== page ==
President Donald Trump gets into an exchange with Jim Acosta of CNN after giving remarks a day after the midterm elections on November 7, 2018 in the East Room of the White House in Washington, D.C. Screenshot: CNN
The ACLU fired off a reminder Wednesday that the “White House belongs to the people, not the president” after the Trump administration asserted in a legal filing that the president has “broad discretion” to bar reporters from press briefings.
“No journalist has a First Amendment right to enter the White House,” Justice Department lawyers argued in a 28-page filing in response to CNN’s lawsuit against the administration for revoking the “hard pass” of the network’s chief White House correspondent, Jim Acosta, last week. Continue reading →
“The rest of the White House Press Corps will line up in solidarity—and either refuse to participate in White House press events or only ask questions on behalf of the banned reporter/outlet until the ban is lifted.”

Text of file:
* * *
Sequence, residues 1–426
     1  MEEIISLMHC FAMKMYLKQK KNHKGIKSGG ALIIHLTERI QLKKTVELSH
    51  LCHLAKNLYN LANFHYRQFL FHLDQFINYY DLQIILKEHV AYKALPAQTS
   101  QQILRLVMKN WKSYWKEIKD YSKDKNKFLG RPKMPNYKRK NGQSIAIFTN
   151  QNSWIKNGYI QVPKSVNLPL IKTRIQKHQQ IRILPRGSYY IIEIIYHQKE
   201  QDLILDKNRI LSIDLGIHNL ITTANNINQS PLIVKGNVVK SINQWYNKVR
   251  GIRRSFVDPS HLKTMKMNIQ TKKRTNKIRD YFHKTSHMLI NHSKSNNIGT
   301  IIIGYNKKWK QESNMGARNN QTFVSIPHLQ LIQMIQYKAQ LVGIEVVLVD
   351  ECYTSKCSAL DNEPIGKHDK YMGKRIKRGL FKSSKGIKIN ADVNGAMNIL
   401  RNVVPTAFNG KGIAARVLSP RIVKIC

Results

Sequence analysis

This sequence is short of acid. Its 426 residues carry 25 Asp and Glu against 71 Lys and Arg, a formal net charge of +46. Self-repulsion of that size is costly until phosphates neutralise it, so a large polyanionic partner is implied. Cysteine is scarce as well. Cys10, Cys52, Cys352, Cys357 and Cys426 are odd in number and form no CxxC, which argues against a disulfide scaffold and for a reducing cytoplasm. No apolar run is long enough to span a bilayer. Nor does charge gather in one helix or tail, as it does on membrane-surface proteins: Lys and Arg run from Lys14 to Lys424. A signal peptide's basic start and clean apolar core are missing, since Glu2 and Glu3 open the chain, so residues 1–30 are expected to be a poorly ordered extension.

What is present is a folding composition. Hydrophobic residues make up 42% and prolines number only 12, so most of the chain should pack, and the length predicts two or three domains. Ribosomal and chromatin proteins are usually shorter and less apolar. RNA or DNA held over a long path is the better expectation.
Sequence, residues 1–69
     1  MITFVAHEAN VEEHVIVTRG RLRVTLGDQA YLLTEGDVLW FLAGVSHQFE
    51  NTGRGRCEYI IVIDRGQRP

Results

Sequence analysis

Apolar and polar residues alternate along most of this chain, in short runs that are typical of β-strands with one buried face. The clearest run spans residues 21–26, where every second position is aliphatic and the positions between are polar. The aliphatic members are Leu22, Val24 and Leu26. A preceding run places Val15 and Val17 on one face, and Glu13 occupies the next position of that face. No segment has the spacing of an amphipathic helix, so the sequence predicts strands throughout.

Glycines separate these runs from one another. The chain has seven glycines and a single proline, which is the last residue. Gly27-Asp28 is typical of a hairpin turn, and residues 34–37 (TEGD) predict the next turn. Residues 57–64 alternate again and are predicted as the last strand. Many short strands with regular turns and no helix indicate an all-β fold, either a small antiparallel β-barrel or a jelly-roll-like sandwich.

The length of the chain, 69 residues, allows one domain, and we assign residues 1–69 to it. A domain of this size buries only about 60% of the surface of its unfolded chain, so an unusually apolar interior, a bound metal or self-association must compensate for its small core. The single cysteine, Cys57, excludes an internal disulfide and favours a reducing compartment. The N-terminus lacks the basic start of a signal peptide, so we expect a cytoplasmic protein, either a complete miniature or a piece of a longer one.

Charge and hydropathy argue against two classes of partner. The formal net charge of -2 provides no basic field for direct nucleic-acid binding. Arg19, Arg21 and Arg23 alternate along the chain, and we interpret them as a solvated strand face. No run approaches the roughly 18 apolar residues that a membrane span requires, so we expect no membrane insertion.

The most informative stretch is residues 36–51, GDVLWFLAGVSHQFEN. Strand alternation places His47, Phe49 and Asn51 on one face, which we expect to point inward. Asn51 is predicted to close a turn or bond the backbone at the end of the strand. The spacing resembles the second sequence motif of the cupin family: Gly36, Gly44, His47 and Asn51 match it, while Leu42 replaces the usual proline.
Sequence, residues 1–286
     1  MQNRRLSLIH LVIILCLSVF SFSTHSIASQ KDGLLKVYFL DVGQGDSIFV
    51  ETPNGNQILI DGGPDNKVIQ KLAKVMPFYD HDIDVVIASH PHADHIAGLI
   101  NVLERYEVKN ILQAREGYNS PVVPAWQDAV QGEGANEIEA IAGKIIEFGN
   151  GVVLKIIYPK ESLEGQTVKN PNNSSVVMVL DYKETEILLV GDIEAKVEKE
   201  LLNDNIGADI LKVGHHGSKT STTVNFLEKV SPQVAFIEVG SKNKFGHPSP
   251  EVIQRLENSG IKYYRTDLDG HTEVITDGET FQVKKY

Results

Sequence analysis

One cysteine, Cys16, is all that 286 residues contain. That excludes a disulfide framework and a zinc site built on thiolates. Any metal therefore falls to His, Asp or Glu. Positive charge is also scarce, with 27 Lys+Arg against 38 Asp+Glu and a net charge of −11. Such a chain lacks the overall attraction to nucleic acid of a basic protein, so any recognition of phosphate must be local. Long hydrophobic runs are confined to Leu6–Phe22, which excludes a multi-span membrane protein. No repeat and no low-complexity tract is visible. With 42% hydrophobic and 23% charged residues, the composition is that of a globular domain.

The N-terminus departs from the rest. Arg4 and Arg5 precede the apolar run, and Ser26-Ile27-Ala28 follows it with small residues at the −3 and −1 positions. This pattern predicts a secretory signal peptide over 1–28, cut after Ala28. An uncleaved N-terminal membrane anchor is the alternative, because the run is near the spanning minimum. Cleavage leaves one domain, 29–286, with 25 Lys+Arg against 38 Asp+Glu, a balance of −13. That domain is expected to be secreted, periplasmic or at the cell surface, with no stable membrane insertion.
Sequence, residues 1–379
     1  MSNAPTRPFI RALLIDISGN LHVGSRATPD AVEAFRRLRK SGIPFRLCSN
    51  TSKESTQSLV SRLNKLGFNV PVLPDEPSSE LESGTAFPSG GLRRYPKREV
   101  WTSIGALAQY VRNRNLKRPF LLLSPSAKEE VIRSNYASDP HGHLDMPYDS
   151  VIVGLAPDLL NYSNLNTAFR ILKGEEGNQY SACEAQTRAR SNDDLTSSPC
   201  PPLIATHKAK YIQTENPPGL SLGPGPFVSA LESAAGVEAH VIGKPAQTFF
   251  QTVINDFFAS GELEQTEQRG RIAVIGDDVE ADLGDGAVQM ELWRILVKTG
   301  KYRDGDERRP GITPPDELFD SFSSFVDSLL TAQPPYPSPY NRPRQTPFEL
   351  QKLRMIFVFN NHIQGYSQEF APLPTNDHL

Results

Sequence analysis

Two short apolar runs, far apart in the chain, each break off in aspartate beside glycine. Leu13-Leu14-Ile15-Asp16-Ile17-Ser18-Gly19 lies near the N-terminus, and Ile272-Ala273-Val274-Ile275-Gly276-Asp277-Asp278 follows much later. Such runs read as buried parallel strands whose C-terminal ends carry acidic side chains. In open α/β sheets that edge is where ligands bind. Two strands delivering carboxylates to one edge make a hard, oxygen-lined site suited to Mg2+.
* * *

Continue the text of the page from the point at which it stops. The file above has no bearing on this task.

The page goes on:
Posted on MoveOn.org’s platform, but coordinated by the watchdog group Media Matters for America, the petition reads:
If Trump blacklists or bans one of you, the rest of you need to stand up. Instead of ignoring Trump’s bad behavior and going about your business, close ranks and stand up for journalism. Don’t keep talking about what Trump wants to talk about. Stand up and fight back. Amplify your colleague’s inquiry or refuse to engage until he removes that person/outlet from the blacklist.
More than 200 veteran journalists have signed a letter demanding that President Donald Trump end his repeated attacks on the news media in light of the attempted bombing at CNN‘s New York offices, calling his open support for violence against reporters and media outlets “unconstitutional, un-American, and utterly unlawful.”
“Trump’s condoning of political violence is part of a sustained pattern of attack on a free press—which includes labeling any reportage he doesn’t like as ‘fake news’ and barring reporters and news organizations whom he wishes to punish from press briefings and events,” wrote the journalists, many of whom are retired after working for media outlets including ABC News, CNN, and CBC. Continue reading →